So…I have thoughts about Agents of S.H.I.E.L.D. Lots of thoughts. I’ve just not known how to organize them into something sensible, so I kept putting off a post about the show. But there’s no new Bones this week, and maybe if I dump my brain onto the keyboard, I’ll have a better grip on things.
Where’s the line between liking something, and being a fan? I freely admit to having obsessive tendencies towards certain films, books or TV shows – I can go months at a time without seeing a film in the theater, but there are others I’ve seen in the cinema multiple, multiple times. On the other hand, there are also plenty of things I like but don’t lose my mind over. And I don’t have a clue what flips something into the “she’s clearly insane” category.
Part of the reason the question is particularly pertinent here is because it’s always seemed as if AoS should be in that obsessive category, and I’ve puzzled because it wasn’t, quite. Or wasn’t. I think the last few weeks have nudged it there, but if you’re obsessed by something, shouldn’t you know?
(I did warn you not to expect anything sensible here. This is just different parts of my brain having a public argument.)
I’m a fan of Joss Whedon, particularly BtVS, AtS, Firefly, and The Avengers. I’d enjoyed the Iron Man films, but wasn’t sold on the Marvel universe when I went to see The Avengers, and yet the combination of Whedon and Marvel was enough to make me commit to watching Shield.
I watched it all through the fall, and liked it enough to keep doing so (I didn’t really become invested in BtVS until S2, so I was willing to give it a season) but wasn’t feeling a real connection to any of the characters except Coulson.
Fitz and Simmons felt like a gimmick to me – one body, named Fitzsimmons, with two heads (and really, the show has fed that, I think, even to the two of them giving the same answer during Eric’s lie detector test); Skye struck me at times as a bit of a brat, Ward seemed like a generic, rather dull, good guy, and May? I did actively dislike her at times, mostly because of her treatment of Skye. And yeah, the irony of that doesn’t escape me, given I wasn’t all that enamored of Skye.
I stuck with the show, though, mostly for Coulson, but partly because I was too stubborn to give up. And it’s not like I didn’t like it. (You know those things you do when you’re a kid that you don’t really want to do, but wind up enjoying to some degree in spite of yourself? That was me and this show in the fall.)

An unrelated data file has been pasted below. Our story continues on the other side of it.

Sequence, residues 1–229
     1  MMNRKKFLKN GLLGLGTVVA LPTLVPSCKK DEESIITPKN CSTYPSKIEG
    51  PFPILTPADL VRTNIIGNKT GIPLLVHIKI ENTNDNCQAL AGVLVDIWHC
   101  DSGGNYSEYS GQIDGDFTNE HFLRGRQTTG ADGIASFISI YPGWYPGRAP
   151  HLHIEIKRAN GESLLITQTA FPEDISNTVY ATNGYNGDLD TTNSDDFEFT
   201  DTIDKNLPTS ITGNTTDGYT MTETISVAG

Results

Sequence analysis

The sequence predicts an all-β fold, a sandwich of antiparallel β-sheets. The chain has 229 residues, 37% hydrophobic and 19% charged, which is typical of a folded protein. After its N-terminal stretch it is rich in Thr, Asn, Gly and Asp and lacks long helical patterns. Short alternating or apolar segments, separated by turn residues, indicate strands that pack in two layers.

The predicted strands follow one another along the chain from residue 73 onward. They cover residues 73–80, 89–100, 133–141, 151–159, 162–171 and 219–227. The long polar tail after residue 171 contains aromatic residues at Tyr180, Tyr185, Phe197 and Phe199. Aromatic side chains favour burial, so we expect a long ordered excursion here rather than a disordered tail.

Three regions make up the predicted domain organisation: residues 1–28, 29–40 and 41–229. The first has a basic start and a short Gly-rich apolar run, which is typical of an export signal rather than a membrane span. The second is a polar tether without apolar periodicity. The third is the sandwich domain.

But around the time Skye got shot, I started going ‘hmmm.’ And the last few weeks? It’s been much more a “YES! It’s Tuesday! I get to watch Agents of S.H.I.E.L.D tonight!” response.
The weird thing is, I can’t point to one episode, or one scene, and say, ‘That. Right there. That hooked me.’
But here are some things that are really working for me:
1. The integration with the larger Marvel universe – this has always been there, to a degree, but after the events of Captain America: The Winter Soldier, the TV show has felt like a continuation of the events in the films, and I love that. I like big, complex stories told on lots of levels, and from lots of perspectives, so…score!
2. Coulson – granted, this, too, was always there, and the reason I kept watching the show in the first place. It’s no secret that I love good guys, but I prefer them with an edge somewhere to make them human. The edge can be a character flaw, something they struggle to overcome in order to be the good guy, or…about anything, really, that makes it hard for them to be the person they want to be.
With Coulson, it’s that he’s sort of Everyman, for one thing. An ordinary person in extraordinary circumstances trying to do the right thing. Oh, and he died once, and has a lot of baggage.
We’ve seen him face everything from betrayal by those he cares about to the decision to allow the love of his life to believe he’s dead, all with honesty, grace and humor. And on the leadership front? He’s doesn’t suffer fools, has a low B.S. threshold, and is always, always there for his people. I’d follow him anywhere.